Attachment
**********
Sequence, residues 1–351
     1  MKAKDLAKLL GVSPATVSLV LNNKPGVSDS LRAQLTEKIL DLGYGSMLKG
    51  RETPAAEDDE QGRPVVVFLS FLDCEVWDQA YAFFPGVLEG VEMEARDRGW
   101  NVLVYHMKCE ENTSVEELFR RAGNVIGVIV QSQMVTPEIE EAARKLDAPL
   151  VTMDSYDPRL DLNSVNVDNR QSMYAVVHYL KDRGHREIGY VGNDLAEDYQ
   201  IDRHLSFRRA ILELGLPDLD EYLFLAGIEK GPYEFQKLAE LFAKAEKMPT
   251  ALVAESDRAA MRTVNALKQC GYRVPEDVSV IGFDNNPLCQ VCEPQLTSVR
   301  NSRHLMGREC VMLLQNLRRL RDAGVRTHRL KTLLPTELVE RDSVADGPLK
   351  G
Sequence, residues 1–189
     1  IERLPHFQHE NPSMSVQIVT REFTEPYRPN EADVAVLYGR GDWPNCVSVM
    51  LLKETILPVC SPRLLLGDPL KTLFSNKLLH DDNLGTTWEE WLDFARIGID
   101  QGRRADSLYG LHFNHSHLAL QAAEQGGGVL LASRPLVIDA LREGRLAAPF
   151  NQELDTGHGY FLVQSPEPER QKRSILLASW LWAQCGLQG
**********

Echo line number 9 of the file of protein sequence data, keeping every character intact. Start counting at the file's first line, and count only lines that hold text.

   351  G